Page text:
The Common Good


Sojomail - May 25, 2001

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    S O J O M A I L  S P E C I A L  E D I T I O N

This week SojoMail brings you an urgent message in 
support of the refundable child tax credit, which 
could help many families and children in poverty. We 
will return next week with our usual format.

P o l i t i c a l l y  C o n n e c t      


A House/Senate conference committee is meeting today 
to negotiate a final tax bill. News reports indicate 
that the refundable child tax credit passed by the 
Senate is a "flashpoint" that is at risk of being dropped. 
The conference is expected to finish its deliberations 
very quickly, perhaps as soon as later today (Thursday).
Yesterday, a delegation of religious leaders convened by
Call to Renewal met with staff members of the 
Republican House and Senate leadership to urge that the 
refundable child tax credit in the Senate tax bill be 
retained in conference. The Senate version 
provides a refundable credit of 15 percent of earnings 
over $10,000, extending the benefit of a tax cut to 
those families who are too poor to owe federal 
income tax, although they pay other taxes.
(For more details, see below.) 

Meetings were held with staff from the offices of Sens. 
Trent Lott and Rick Santorum and Rep. J.C. Watts.  
Santorum and Watts have been the key members of 
Congress pressing the president's faith-based initiative. 
Our message to them, as today's New York Times 
reported Jim Wallis saying, was: "If this tax cut is passed 
without help for the poor then it will be very difficult for us 
to support them on faith-based issues." 

Your calls are urgently needed to support the Senate 
version of the Child Tax Credit.

Republican leaders have not been in favor of the 
refundable child tax credit, and the White House 
has not supported it. BUT if certain key senators 
who have supported the refundable child tax credit 
hold firm and say they will not vote for a final 
tax cut bill that does not include it, we can prevail.


President George W. Bush (202-456-1414).
Leave a message that the refundable child tax 
credit is of great importance to the faith community 
as a concrete way to help low-income working 
families, and ask that the president instruct the 
conferees that he wants the Senate version of 
the tax credit in the bill that reaches his desk.

If you live in these states, call these senators,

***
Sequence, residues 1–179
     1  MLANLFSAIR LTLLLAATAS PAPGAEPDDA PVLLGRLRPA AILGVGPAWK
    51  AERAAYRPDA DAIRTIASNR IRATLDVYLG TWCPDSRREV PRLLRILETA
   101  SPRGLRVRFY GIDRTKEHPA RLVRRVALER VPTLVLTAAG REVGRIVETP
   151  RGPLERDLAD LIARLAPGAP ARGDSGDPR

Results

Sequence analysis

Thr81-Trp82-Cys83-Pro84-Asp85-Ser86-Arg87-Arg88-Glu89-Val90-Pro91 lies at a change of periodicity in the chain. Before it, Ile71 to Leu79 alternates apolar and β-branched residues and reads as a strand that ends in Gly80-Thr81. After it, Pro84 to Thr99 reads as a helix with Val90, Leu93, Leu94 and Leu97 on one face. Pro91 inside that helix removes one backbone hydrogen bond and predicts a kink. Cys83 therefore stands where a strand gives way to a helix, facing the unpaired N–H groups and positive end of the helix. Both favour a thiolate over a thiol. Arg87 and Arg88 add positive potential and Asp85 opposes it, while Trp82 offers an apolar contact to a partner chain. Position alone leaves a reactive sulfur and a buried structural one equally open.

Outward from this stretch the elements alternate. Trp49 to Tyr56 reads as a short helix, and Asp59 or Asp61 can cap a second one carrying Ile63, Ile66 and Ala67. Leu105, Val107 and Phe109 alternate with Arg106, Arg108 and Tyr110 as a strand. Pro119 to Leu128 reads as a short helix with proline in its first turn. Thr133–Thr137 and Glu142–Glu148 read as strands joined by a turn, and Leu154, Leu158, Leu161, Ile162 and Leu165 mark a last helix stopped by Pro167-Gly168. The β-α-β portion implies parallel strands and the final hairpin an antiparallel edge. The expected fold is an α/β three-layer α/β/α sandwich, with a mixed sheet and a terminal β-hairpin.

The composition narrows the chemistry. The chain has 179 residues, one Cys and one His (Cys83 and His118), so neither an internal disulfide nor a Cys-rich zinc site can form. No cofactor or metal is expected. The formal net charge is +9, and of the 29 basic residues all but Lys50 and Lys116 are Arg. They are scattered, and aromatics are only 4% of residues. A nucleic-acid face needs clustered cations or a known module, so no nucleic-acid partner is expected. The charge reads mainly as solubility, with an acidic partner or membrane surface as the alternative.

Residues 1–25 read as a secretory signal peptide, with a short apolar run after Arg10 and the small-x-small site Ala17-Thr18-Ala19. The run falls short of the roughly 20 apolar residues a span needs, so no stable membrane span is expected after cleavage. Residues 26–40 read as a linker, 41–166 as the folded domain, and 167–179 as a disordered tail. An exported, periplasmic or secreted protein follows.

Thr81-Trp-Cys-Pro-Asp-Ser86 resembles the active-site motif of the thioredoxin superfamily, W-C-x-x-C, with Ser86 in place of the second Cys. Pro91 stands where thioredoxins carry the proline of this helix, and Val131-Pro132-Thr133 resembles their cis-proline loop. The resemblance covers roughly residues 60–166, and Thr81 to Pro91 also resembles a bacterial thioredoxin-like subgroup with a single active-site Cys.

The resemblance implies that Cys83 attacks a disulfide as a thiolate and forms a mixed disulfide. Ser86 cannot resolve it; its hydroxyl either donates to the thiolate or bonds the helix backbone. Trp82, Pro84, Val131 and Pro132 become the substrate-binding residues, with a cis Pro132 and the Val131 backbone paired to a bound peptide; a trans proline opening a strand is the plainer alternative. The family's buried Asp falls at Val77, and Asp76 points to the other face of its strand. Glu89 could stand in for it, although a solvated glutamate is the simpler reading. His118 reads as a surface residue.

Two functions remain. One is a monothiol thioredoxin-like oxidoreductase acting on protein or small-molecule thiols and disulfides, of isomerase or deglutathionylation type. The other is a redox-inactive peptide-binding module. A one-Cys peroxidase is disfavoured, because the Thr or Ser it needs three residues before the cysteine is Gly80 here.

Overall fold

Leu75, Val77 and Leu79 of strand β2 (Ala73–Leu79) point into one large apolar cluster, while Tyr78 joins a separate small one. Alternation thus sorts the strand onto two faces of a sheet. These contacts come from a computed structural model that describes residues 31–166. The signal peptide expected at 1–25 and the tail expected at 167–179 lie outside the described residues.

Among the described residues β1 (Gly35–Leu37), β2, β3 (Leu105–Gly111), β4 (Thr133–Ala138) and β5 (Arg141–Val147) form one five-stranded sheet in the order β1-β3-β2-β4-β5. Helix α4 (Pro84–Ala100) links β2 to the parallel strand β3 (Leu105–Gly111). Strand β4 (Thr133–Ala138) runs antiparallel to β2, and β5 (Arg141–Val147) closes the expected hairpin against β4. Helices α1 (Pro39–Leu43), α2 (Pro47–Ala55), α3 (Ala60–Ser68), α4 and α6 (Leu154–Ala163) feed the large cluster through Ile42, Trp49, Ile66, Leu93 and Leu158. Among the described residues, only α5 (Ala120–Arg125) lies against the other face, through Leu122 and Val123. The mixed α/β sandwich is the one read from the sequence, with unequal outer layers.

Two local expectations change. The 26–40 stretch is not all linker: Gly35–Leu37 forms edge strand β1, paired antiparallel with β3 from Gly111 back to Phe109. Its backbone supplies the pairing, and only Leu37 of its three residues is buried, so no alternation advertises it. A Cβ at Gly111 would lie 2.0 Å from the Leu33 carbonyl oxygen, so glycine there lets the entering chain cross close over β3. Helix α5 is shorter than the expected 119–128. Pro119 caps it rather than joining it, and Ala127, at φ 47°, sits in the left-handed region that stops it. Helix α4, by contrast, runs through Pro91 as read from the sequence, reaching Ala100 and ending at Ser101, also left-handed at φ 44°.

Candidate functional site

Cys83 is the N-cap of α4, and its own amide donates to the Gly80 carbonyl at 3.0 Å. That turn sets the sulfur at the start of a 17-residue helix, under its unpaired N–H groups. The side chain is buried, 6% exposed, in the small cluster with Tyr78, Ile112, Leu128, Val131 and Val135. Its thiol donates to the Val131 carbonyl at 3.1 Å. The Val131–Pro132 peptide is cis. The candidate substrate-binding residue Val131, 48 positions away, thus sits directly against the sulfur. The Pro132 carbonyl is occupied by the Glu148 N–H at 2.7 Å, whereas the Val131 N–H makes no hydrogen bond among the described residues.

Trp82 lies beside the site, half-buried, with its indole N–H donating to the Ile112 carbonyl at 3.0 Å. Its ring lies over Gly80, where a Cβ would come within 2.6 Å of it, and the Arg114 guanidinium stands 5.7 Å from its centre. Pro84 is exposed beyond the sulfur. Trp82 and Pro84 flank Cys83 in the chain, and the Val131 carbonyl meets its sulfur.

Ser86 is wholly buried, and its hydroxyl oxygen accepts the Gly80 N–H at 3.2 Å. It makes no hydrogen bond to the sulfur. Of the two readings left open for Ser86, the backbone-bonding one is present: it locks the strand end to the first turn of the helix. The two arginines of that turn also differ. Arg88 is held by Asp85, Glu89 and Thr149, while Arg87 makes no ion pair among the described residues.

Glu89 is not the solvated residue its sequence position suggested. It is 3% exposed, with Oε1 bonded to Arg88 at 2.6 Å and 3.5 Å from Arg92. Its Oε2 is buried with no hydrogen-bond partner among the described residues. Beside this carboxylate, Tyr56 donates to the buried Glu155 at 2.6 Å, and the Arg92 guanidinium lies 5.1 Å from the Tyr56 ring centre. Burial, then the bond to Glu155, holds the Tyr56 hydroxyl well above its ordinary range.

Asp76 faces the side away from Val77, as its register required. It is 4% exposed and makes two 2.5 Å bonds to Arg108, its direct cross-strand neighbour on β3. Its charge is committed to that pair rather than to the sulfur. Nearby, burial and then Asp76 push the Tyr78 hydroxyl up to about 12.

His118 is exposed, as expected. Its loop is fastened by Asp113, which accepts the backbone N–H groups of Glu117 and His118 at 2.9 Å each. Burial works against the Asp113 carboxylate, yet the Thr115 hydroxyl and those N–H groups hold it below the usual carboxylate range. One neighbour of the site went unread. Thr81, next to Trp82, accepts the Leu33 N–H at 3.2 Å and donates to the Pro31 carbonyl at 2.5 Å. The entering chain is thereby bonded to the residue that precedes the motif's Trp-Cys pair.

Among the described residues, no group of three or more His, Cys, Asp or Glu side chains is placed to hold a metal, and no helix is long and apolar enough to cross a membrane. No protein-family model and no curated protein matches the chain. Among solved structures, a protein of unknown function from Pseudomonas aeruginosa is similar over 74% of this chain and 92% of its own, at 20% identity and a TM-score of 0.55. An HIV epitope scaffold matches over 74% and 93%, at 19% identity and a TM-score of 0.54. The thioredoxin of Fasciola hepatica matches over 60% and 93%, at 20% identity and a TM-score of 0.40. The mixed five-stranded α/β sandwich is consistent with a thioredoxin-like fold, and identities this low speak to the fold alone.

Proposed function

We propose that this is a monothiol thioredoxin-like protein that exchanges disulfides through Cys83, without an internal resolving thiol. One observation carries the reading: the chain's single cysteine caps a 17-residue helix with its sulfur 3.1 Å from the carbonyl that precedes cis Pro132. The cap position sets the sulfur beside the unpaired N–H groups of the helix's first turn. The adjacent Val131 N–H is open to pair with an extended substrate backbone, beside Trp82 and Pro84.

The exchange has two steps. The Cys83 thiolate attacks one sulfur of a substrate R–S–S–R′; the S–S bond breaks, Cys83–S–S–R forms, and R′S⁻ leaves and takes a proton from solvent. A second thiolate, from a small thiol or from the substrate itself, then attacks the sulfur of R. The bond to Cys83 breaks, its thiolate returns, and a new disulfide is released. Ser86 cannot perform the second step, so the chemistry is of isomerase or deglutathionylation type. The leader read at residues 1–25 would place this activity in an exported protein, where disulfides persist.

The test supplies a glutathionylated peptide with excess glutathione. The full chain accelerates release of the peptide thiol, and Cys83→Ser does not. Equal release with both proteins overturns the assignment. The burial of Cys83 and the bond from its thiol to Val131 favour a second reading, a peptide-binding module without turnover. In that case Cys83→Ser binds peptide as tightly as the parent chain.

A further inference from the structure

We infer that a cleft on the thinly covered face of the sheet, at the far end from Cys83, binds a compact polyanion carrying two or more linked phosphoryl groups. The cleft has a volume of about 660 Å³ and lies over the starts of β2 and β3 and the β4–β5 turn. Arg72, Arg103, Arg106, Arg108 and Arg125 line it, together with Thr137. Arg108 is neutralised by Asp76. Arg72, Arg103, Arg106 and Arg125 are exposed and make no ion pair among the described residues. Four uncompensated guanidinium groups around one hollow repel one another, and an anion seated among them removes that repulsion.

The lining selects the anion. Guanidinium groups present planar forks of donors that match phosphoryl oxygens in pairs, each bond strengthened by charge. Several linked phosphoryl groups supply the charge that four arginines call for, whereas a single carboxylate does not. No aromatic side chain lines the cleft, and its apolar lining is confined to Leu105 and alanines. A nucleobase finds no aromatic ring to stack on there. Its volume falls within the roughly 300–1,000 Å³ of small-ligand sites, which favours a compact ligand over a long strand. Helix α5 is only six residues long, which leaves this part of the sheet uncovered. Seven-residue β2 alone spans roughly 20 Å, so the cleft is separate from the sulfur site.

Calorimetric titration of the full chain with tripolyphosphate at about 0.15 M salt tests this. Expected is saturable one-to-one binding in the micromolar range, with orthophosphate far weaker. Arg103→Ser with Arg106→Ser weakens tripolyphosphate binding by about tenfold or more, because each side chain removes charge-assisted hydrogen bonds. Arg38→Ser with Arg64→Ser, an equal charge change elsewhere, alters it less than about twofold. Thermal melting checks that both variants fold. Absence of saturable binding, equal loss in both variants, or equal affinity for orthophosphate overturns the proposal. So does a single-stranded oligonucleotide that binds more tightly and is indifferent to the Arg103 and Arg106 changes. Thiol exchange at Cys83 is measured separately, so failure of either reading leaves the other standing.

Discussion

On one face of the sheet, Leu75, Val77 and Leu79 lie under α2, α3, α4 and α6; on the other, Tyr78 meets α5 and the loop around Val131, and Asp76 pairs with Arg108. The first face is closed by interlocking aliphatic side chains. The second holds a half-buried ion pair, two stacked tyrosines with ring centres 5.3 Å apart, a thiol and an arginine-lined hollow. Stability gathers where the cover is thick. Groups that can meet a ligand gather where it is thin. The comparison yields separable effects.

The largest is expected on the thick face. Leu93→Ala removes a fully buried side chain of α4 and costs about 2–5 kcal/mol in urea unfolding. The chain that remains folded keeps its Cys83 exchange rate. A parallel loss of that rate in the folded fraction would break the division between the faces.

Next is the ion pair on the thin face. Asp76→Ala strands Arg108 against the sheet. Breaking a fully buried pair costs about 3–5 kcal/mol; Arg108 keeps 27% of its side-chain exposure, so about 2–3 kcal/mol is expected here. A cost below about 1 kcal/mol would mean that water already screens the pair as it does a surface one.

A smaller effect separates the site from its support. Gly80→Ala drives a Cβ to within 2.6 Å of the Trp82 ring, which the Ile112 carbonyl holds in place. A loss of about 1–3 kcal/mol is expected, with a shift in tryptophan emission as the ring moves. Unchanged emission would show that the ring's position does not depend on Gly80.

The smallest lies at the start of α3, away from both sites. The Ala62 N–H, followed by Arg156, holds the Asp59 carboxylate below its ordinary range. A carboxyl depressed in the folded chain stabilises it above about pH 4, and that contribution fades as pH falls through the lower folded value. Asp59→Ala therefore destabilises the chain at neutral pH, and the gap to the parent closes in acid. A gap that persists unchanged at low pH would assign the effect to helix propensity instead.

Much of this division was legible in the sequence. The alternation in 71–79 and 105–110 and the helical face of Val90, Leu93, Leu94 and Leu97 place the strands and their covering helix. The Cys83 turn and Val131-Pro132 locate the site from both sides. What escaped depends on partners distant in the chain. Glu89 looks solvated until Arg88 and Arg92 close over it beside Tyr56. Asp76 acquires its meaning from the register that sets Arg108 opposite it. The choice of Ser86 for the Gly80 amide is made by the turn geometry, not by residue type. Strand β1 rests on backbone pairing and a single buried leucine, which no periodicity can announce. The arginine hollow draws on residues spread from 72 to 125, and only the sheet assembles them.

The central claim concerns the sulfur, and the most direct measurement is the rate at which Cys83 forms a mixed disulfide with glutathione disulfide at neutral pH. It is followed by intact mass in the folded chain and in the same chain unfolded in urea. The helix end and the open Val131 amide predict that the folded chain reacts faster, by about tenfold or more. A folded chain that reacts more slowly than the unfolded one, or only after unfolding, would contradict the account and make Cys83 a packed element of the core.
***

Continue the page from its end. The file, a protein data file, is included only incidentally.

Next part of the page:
thank them for supporting the credit, and urge them 
to tell the Senate leadership that they will vote against 
a final tax cut bill that does not include the Senate 
version of the Child Tax Credit. (Ask to speak to an 
aide working on tax issues; leave a detailed message 
if they're not in.)

Max Baucus (D-Montana)(202-224-2651)
Christopher ("Kit") Bond (R-Missouri) (202-224-5721)
John Breaux (D-Louisiana) (202-224-4623)
Conrad Burns (R-Montana) (202-224-2644)
Lincoln Chafee (R-Rhode Island) (202-224-2921)
Thad Cochran (R-Mississippi) (202-224-5054)
Susan Collins (R-Maine) (202-224-2523)
Mike DeWine (R-Ohio) (202-224-2315
Pete Domenici (R-Colorado) (202-224-6621
Peter Fitzgerald (R-Illinois) (202-224-2854)
Orrin Hatch (R-Utah) (202-224-5251)
James Jeffords (I-Vermont) (202-224-5141)
John McCain (R-Arizona) (202-224-2235)
Arlen Specter (R-Pennsylvania) (202-224-4254)
Ted Stevens (R-Alaska) (202-224-3004)

Calls could also be made to:

Sen. Charles Grassley (R-Iowa), 
Chair of the Senate Finance Committee 

Rep. Bill Thomas (R-California), 
Chair of the House Committee 
on Ways and Means (202-224-2915)

The Senate's refundable child tax credit would benefit 
working families with incomes of more than $10,000. In 
its final deliberations yesterday, the Senate passed by a 
94-4 vote a resolution sponsored by Sen. Olympia 
Snowe expressing support for the credit. In addition, 14 
Republican senators signed a letter saying that the 
provision was "an essential component" of the tax bill. 

The Call to Renewal delegation told the leadership yesterday
that faith-based organizations being praised by the 
president for their important role in overcoming poverty 
strongly believe the refundable credit is a significant policy 
measure that could help lift families and children out of 

Wallis said, "In his Notre Dame speech on Sunday, 
President Bush correctly noted, 'When over 12